Thursday, August 1, 2013
I just came across a new article by Kamina Aliya Pinder that synthesizes the past uses of structural injunctions in education reform and responds to the reluctance of many courts to intervene in education battles. Cribbing from her introduction, the article
examines the use and potential of the structural injunction in cases that implicate issues of education access, adequacy, and achievement in the paradoxical “post-racial” era. Originating in school desegregation cases, this powerful judicial remedy compelled public institutions to address constitutional wrongs through systematic reform. The structural injunction played an essential role in desegregation at the federal level and, albeit not typically referred to as “structural injunction” at the state level, an equally important remedial role in state school finance litigation. Yet, fears of judicial overstepping and pursuit of race-neutral remedies have greatly curtailed its use.
The enforcement of the No Child Left Behind Amendment to the Elementary and Secondary Act of 1965 (NCLB) and Title VI of the Civil Rights Act of 1964 (Title VI) may bring back the structural injunction as a viable judicial remedy in cases involving educational access and achievement. This Article portends, through analysis of the structural injunction, that recent developments in federal education law and policy are reminiscent of the perfect storm of inter-branch cooperation that was so essential to the desegregation of public schools.
Part I introduces the role of the structural injunction in public law litigation and traces its remedial role as it addressed educational disparities in the federal and state judiciary. Beginning with its origin in the language of Brown v. Board of Education, the structural injunction was critical to school desegregation. Yet the structural injunction alone was not enough to shoulder the massive undertaking of reversing the firm entrenchment of segregated schools--particularly in the South. This section outlines the federal legislation and strong executive enforcement that lent potency to structural relief in school desegregation cases, it describes the impact of structural injunctions in school finance cases that implicate education clauses in state constitutions, and it concludes with a discussion of how the current stagnant state of structural injunctive relief resulted from fears of judicial activism and overreach.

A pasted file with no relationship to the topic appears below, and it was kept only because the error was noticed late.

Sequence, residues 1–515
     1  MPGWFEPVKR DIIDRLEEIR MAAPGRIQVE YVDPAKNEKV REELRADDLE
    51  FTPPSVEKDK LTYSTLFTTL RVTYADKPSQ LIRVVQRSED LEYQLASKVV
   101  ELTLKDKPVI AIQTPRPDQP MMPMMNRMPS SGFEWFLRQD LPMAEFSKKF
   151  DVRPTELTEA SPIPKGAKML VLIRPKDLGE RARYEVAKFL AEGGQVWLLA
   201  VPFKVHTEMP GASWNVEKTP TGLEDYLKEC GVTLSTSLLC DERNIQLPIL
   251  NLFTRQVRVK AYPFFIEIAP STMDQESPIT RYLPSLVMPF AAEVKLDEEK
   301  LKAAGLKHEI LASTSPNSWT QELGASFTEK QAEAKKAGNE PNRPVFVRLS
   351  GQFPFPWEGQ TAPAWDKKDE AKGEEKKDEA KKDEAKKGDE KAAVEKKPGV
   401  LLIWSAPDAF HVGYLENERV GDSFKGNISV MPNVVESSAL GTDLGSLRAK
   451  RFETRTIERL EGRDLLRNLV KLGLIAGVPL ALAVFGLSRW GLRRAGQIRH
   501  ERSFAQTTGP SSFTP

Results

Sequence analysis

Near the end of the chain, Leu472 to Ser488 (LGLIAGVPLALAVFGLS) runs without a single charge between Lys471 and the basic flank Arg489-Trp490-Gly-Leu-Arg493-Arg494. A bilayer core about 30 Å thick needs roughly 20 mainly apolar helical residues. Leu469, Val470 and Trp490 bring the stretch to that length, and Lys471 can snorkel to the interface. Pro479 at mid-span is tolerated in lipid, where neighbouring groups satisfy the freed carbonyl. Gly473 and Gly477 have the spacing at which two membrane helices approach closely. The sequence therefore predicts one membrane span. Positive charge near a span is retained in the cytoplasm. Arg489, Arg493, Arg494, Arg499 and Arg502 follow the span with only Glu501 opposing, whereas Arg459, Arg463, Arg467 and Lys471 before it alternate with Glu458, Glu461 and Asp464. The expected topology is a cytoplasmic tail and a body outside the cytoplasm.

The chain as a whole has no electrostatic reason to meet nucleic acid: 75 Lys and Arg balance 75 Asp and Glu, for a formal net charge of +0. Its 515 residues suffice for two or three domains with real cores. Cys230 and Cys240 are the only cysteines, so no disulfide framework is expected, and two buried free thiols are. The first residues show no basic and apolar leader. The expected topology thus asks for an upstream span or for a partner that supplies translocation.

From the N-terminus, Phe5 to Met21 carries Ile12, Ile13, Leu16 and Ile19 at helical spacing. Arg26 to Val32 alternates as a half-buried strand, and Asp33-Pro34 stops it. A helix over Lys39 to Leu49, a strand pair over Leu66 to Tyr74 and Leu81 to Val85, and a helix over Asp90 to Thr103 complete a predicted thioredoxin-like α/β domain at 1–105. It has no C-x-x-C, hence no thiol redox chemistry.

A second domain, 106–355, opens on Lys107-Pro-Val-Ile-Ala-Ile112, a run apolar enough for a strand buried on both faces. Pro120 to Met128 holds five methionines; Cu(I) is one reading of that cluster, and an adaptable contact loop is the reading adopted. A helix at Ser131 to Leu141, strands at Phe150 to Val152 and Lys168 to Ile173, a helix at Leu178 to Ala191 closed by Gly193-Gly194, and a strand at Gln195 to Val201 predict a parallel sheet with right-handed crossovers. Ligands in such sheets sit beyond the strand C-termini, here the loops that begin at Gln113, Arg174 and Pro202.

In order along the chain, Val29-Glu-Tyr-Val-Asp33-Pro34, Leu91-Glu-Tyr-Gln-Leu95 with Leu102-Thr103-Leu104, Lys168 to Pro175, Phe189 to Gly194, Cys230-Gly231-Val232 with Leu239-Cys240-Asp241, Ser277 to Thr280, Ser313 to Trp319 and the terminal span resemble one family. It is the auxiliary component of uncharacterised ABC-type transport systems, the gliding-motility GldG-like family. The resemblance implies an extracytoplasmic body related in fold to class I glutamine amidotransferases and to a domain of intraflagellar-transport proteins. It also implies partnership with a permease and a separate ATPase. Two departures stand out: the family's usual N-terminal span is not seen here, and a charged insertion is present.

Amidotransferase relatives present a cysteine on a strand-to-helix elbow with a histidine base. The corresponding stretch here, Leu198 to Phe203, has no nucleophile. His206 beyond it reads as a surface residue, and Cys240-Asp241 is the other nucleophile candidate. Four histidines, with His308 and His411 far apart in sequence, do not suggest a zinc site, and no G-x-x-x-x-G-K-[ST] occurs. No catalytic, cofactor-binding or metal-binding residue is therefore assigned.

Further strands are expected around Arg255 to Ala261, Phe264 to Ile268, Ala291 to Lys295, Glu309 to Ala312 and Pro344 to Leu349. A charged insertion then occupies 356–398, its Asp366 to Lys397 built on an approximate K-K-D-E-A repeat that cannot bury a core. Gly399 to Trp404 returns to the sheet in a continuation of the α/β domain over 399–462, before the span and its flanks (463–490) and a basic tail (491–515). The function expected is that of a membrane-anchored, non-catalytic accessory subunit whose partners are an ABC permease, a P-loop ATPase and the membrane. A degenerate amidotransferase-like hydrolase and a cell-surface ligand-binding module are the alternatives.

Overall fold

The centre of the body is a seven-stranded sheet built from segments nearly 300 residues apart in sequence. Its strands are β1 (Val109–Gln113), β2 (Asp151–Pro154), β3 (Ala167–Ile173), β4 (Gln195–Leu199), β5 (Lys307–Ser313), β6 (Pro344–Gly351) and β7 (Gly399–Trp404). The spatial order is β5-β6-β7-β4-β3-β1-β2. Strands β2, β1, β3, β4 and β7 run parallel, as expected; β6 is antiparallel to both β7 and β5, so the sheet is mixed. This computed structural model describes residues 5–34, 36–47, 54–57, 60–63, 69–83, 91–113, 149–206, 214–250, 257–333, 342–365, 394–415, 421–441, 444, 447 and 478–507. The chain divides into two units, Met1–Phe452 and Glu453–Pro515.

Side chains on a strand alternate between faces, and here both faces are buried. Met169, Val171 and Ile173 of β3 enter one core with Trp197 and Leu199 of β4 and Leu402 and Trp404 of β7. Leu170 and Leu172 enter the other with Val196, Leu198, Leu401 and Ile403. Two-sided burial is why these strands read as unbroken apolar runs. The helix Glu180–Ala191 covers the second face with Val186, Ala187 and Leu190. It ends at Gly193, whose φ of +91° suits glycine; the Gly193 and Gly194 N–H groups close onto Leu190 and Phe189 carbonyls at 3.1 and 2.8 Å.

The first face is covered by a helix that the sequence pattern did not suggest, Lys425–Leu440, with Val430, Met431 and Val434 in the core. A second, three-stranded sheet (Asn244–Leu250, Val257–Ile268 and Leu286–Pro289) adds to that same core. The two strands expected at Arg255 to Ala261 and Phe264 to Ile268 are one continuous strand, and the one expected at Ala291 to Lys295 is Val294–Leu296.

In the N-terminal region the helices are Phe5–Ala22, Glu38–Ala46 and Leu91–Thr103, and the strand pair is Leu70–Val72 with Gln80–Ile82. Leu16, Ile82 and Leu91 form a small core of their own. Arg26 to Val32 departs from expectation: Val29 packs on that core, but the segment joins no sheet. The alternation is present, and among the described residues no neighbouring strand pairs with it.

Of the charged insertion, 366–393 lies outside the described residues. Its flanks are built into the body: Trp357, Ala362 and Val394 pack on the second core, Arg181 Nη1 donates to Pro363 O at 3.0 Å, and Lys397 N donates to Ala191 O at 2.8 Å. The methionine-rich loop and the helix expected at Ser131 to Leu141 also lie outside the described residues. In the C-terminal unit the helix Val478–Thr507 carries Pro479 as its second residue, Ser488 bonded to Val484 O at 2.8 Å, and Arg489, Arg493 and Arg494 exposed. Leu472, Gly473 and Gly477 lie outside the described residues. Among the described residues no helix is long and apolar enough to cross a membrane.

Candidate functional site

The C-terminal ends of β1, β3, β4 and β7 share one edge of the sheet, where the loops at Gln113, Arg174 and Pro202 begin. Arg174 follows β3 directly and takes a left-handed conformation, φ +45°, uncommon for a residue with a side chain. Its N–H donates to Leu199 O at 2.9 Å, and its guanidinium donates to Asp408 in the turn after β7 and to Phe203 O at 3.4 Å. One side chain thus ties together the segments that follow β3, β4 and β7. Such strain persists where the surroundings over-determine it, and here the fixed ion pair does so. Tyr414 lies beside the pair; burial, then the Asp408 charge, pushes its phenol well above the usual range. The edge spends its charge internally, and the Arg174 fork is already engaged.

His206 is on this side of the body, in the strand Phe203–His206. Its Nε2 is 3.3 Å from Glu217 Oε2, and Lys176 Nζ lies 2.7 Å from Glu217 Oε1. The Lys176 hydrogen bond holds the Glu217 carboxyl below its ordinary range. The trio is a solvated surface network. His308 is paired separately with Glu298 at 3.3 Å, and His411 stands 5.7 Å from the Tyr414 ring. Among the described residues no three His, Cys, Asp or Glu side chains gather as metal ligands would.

Part II analyzes the central role that race plays in the NCLB and Title VI. Recently, the executive branch has endorsed the legislative recognition of the relationship between race and educational disparity in two ways. The U.S. Department of Education has acknowledged race as a priority by pledging to aggressively enforce provisions of the NCLB and Title VI to address the disparate racial impact of educational inequities, and by issuing guidance to navigate Supreme Court decisions that prohibit consideration of race in educational equity schemes.
Finally, Part III asserts that the legislative and executive forces that once empowered structural injunctive relief in school reform are again at work and should mitigate the concerns of judicial overreach that once derailed the momentum of early structural injunctive relief. Indeed, courts are now uniquely poised to complete the shift toward addressing racial disparity through educational reform.
Reconciling Race-Neutral Strategies as Race-Conscious Objectives: The Potential Resurgence of the Structural Injunction in Education Litigation, 9 Stan. J. Civ. Rts & Civ. Liberties 247 (June 2013).